Although there is talk about doubling farmers’ incomes in the coming years, at the same time this also involves drastically reducing the numbers remaining in agriculture. Moreover, a doubling of income is still too little too late considering just how much farmers’ incomes have fallen behind those of the wider population, reflected in the dire conditions of India’s rural dwellers.
For all the discussion about loan waivers for farmers and raising income levels, this does not address the core of the problem affecting agriculture: spiralling input costs, lack of government assistance and the impacts of cheap, subsidised imports which depress farmers’ incomes.
Take the cultivation of pulses, for instance. Pulses production increased by 40% during the last 12 months (a year of record production). At the same time, however, imports also rose resulting in black gram selling at 4,000 rupees per quintal (much less than during the previous 12 months). This has effectively driven down prices thereby reducing farmers already meagre incomes. We have already witnessed a running down of the indigenous edible oils sector thanks to Indonesian palm oil imports on the back of World Bank pressure to reduce import tariffs.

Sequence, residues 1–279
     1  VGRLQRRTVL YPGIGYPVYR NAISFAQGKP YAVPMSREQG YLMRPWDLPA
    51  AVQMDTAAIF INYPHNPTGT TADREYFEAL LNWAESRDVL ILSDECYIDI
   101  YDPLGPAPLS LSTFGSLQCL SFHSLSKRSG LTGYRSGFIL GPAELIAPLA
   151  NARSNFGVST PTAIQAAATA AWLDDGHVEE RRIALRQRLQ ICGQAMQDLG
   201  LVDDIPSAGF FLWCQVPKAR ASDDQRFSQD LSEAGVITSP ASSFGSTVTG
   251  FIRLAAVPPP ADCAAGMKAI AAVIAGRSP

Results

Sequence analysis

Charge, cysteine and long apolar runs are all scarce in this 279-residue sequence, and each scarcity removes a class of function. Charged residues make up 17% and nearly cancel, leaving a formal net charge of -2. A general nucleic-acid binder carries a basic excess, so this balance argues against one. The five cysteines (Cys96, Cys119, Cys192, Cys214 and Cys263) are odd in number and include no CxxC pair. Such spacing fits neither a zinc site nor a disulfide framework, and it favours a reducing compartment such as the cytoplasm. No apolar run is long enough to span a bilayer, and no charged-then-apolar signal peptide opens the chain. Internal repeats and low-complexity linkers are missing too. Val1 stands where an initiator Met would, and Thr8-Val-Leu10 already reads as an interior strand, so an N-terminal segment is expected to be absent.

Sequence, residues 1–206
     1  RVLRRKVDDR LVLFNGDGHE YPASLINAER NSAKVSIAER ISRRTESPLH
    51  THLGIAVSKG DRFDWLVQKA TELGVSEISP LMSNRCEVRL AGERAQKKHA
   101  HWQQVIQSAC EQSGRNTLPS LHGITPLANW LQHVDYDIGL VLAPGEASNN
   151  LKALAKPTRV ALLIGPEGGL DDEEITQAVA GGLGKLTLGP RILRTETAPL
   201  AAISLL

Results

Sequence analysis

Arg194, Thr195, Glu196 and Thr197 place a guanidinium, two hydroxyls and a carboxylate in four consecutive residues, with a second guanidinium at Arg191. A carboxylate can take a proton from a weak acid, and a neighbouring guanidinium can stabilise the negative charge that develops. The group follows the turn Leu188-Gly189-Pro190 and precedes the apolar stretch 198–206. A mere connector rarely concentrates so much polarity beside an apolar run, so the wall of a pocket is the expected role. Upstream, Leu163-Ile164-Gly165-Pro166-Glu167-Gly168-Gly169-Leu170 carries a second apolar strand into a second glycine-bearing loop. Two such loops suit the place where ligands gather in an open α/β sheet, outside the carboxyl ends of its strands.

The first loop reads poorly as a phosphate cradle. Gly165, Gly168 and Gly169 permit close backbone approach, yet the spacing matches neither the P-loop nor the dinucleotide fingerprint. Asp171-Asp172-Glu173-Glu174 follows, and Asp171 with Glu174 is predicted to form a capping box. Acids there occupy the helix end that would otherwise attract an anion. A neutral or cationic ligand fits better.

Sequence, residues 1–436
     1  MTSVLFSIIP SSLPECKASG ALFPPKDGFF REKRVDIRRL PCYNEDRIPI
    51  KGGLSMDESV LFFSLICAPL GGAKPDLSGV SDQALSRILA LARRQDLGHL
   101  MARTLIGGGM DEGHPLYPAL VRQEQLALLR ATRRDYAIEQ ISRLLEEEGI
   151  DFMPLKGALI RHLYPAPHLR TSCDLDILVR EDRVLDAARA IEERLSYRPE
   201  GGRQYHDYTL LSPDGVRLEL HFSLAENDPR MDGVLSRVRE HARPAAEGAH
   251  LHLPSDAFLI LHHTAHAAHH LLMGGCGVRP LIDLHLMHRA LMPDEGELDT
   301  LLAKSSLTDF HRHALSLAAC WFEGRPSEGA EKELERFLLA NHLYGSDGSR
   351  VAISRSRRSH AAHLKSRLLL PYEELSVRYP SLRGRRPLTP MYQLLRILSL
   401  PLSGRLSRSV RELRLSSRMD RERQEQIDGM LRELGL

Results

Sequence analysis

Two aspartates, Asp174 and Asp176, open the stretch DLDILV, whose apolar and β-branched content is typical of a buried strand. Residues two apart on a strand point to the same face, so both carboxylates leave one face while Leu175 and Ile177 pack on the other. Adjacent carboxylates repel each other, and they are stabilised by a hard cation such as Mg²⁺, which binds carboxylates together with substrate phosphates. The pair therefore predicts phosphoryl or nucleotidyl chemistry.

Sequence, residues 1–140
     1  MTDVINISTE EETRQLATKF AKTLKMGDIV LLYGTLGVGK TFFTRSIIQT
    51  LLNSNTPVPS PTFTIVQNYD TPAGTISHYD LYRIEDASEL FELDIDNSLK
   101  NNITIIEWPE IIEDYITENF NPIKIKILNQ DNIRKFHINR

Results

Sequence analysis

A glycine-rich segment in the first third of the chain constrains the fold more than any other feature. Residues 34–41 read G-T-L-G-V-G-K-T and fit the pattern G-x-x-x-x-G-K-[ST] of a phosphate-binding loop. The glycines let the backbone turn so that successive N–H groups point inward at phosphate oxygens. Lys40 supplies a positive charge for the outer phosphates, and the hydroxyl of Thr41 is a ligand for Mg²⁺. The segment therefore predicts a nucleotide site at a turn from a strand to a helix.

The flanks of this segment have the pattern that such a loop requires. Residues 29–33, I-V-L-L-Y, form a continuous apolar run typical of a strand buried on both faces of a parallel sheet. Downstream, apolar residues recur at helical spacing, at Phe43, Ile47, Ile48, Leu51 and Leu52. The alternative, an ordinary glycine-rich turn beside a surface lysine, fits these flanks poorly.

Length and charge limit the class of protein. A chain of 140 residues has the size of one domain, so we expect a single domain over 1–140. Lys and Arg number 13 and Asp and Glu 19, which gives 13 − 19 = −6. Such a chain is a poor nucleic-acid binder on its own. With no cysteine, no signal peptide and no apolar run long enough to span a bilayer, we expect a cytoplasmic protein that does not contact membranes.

On the one hand, there is talk of India becoming food secure and self-sufficient; on the other, there is pressure from the richer nations for the Indian government to further reduce support given to farmers and open up to imports and ‘free’ trade. But this is based on hypocrisy.
Consider that some 3.2 million people were engaged in agriculture in the US in 2015. The US govt provided them each with a subsidy of $7,860 on average. Japan provides a subsidy of $14,136 and New Zealand $2,623 to its farmers. In 2015, a British farmer earned $2,800 and $37,000 was added through subsidies. The Indian govt provides on average a subsidy of $873 to farmers. However, between 2012 and 2014, India reduced the subsidy on agriculture and food security by $3 billion.
According to policy analyst Devinder Sharma subsidies provided to US wheat and rice farmers are more than the market worth of these two crops. He also notes that, per day, each cow in Europe receives subsidy worth more than an Indian farmer’s daily income.